On December 17, 2014, President Obama announced the beginning of a normalization process between the United States of America and Cuba, starting a new chapter in U.S.-Cuba relations.
A major step in this process was reached on July 20, 2015, when Cuba and the United States reopened their respective embassies and reestablished diplomatic relations. U.S. Embassy Havana occupies the same building on the Malecón as it did prior to the severing of diplomatic relations.
Even with the recent changes, the U.S. trade embargo with Cuba remains in place and most transactions between the United States and Cuba continue to be prohibited. Since 2000, certain U.S. exports of agricultural goods and medical devices have been permitted.
The recent regulatory changes implemented by the Departments of Commerce and the Treasury removed certain technical barriers between the United States and Cuba and created a more efficient, less burdensome payment requirement and process for sales of U.S. agricultural products to Cuba. These changes – which revised the regulatory interpretation of the term “cash-in-advance” and authorized U.S. banks to establish correspondent accounts at Cuban banks – should improve the speed, efficiency, and oversight of authorized payments between the United States and Cuba.
The announced changes also authorize expanded sales and exports of certain goods and services. The expansion seeks to empower the nascent Cuban private sector. Items authorized for export include certain building materials for private residential construction, goods for use by private sector Cuban entrepreneurs, and agricultural equipment for small farmers.
Other regulatory changes increase the amount of remittances permitted, authorize commercial sales and exports to Cuba of certain goods and services for use by Cuban entrepreneurs, and encourage more engagement by U.S. information and communications technology (ICT) companies in Cuba to support better connectivity and access to information by the Cuban people.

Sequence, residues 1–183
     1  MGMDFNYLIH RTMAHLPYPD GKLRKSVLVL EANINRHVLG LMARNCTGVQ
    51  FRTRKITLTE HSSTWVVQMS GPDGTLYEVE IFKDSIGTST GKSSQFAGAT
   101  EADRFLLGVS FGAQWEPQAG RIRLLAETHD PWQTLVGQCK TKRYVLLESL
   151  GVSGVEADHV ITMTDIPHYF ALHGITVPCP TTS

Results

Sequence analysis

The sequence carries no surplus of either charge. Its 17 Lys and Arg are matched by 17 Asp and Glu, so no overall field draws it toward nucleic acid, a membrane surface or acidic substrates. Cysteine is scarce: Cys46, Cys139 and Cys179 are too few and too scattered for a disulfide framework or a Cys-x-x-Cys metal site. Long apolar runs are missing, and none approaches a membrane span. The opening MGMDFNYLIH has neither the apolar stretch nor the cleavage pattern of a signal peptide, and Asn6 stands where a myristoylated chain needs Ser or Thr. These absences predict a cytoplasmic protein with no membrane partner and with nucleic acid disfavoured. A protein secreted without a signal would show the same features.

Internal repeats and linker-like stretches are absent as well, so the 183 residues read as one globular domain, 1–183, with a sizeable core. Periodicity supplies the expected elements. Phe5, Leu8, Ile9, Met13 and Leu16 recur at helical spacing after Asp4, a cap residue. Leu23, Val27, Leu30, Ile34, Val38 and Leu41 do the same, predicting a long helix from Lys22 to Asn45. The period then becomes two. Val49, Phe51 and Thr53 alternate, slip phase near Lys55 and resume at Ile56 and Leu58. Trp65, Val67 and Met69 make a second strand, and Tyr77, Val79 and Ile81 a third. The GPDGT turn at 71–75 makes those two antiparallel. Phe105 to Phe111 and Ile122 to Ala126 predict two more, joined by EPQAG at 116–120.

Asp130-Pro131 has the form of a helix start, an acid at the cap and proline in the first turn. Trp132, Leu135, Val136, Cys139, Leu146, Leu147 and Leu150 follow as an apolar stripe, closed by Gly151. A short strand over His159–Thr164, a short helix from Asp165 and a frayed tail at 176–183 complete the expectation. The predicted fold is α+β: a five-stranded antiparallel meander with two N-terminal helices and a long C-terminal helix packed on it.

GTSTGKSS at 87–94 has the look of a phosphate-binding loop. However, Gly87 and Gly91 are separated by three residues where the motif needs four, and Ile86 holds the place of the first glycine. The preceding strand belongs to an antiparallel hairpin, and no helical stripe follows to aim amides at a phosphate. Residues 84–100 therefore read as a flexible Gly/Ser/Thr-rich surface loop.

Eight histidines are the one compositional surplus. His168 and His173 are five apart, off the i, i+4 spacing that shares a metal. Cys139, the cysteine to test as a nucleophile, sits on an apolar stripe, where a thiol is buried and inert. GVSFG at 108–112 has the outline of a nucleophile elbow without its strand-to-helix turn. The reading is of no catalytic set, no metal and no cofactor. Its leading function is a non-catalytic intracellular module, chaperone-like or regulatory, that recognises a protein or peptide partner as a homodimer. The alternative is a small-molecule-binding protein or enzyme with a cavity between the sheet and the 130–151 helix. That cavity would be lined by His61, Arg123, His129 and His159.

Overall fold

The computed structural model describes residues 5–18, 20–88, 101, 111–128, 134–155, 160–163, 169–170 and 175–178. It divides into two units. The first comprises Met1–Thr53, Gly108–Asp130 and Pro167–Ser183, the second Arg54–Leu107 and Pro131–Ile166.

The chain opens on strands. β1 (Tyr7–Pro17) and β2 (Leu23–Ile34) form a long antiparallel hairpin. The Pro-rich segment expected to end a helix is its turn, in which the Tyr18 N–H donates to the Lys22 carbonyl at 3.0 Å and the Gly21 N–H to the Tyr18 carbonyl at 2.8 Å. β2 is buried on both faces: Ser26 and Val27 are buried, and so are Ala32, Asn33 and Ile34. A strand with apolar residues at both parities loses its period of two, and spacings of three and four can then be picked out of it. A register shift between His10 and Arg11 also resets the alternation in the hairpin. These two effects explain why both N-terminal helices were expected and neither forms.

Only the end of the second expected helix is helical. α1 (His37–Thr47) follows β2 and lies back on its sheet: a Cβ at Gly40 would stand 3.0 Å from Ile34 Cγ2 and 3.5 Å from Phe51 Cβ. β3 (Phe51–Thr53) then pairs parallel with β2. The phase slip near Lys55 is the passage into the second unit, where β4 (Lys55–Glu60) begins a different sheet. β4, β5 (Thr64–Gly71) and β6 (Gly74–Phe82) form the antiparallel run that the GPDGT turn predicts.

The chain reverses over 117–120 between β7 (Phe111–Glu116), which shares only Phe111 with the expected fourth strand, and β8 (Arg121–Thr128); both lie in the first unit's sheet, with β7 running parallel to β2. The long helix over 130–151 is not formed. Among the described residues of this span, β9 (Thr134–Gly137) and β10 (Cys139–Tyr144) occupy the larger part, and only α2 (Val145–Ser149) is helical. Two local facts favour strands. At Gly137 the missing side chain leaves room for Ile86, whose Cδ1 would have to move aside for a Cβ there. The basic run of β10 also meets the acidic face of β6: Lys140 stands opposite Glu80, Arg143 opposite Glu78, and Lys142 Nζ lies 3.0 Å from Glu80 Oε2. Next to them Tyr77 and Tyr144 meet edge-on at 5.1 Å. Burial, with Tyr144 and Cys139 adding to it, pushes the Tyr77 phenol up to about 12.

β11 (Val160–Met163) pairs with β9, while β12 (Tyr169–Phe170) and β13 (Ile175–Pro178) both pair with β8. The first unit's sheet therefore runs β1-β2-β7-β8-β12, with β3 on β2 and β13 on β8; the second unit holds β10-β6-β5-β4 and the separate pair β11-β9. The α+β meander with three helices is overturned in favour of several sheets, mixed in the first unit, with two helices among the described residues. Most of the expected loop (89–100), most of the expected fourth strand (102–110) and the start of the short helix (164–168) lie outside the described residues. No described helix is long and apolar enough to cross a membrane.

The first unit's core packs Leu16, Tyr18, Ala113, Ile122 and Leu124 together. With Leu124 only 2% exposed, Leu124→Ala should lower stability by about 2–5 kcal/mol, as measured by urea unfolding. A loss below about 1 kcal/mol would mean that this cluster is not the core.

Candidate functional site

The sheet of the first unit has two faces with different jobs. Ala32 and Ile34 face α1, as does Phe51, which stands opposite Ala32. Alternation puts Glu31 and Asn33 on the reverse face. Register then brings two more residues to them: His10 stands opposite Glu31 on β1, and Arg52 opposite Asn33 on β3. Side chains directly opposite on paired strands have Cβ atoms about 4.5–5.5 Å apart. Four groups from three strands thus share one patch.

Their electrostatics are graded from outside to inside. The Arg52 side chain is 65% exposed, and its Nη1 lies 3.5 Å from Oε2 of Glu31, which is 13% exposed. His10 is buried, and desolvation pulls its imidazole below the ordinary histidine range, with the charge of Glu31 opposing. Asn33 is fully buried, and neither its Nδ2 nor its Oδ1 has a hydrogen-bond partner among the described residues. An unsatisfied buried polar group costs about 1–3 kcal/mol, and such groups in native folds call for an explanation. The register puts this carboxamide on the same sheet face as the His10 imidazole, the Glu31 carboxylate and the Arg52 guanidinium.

In addition, to further engage and empower the Cuban people, regulatory changes allow the importation of certain goods and services produced by independent Cuban entrepreneurs. More information on permitted imports is available here.
The regulatory changes also facilitate further authorized commerce, travel, and transactions between the United States and Cuba. Changes to authorized financial transactions will make sales of already authorized agriculture products easier – those sales neared $300 million last year.
On September 18, 2015, the Department of Treasury and Department of Commerce announced amendments furthering implementation of President Obama’s 2014 Announcement Related to the Easing of Cuba Sanctions. Here is more information on recent U.S. amendments to the rules concerning trade with Cuba.
U.S.-Cuba Trade Facts
Cuba is currently our 147th largest goods trading partner with $180 million in total (two way) goods trade during 2015. Goods exports totaled $180 million; there were no goods imports. The U.S. goods trade surplus with Cuba was $180 million in 2015.
According to the Department of Commerce, U.S. exports of goods to Cuba supported an estimated 2 thousand jobs in 2014.
- Cuba was the United States’ 127th largest goods export market in 2015.
- U.S. goods exports to Cuba in 2015 were $180 million, down 40% ($119 million) from 2014 and down 51% from 2005.
- The top export categories (2-digit HS) in 2015 were: meat ($78 million), food waste, animal feed ($44 million), miscellaneous grain, seeds, fruit ($22 million), miscellaneous chemical products ($13 million), and inorganic chemicals ($9 million).
- U.S. exports of agricultural products to Cuba totaled $150 million in 2015. Leading categories include: poultry ($78 million), soybean meal ($55 million), soybeans ($10 million), corn ($5 million), and dairy products ($412 thousand).
- There were no goods imported from Cuba in 2015.
- The U.S. goods trade surplus with Cuba was $180 million in 2015, a 39.7% decrease ($119 million) over 2014.